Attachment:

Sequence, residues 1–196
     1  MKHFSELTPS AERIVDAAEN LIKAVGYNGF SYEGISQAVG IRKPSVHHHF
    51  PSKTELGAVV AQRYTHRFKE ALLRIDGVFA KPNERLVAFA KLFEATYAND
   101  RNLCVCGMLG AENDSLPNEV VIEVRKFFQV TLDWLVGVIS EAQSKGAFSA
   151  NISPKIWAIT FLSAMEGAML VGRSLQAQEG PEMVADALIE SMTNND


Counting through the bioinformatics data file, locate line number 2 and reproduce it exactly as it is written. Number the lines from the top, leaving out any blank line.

     1  MKHFSELTPS AERIVDAAEN LIKAVGYNGF SYEGISQAVG IRKPSVHHHF